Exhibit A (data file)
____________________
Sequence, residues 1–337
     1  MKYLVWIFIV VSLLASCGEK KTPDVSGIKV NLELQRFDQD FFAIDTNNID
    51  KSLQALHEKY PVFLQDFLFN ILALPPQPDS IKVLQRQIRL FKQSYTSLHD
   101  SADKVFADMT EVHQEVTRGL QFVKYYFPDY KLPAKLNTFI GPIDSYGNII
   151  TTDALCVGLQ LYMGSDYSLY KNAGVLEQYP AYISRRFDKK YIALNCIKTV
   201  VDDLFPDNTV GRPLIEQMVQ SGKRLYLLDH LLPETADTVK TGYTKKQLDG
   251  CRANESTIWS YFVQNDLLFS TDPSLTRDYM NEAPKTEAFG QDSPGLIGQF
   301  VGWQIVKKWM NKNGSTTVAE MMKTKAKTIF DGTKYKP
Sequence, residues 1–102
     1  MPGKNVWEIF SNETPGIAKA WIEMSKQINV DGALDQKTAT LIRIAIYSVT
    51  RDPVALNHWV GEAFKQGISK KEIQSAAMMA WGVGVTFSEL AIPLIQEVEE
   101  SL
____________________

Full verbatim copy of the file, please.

Sequence, residues 1–337
     1  MKYLVWIFIV VSLLASCGEK KTPDVSGIKV NLELQRFDQD FFAIDTNNID
    51  KSLQALHEKY PVFLQDFLFN ILALPPQPDS IKVLQRQIRL FKQSYTSLHD
   101  SADKVFADMT EVHQEVTRGL QFVKYYFPDY KLPAKLNTFI GPIDSYGNII
   151  TTDALCVGLQ LYMGSDYSLY KNAGVLEQYP AYISRRFDKK YIALNCIKTV
   201  VDDLFPDNTV GRPLIEQMVQ SGKRLYLLDH LLPETADTVK TGYTKKQLDG
   251  CRANESTIWS YFVQNDLLFS TDPSLTRDYM NEAPKTEAFG QDSPGLIGQF
   301  VGWQIVKKWM NKNGSTTVAE MMKTKAKTIF DGTKYKP
Sequence, residues 1–102
     1  MPGKNVWEIF SNETPGIAKA WIEMSKQINV DGALDQKTAT LIRIAIYSVT
    51  RDPVALNHWV GEAFKQGISK KEIQSAAMMA WGVGVTFSEL AIPLIQEVEE
   101  SL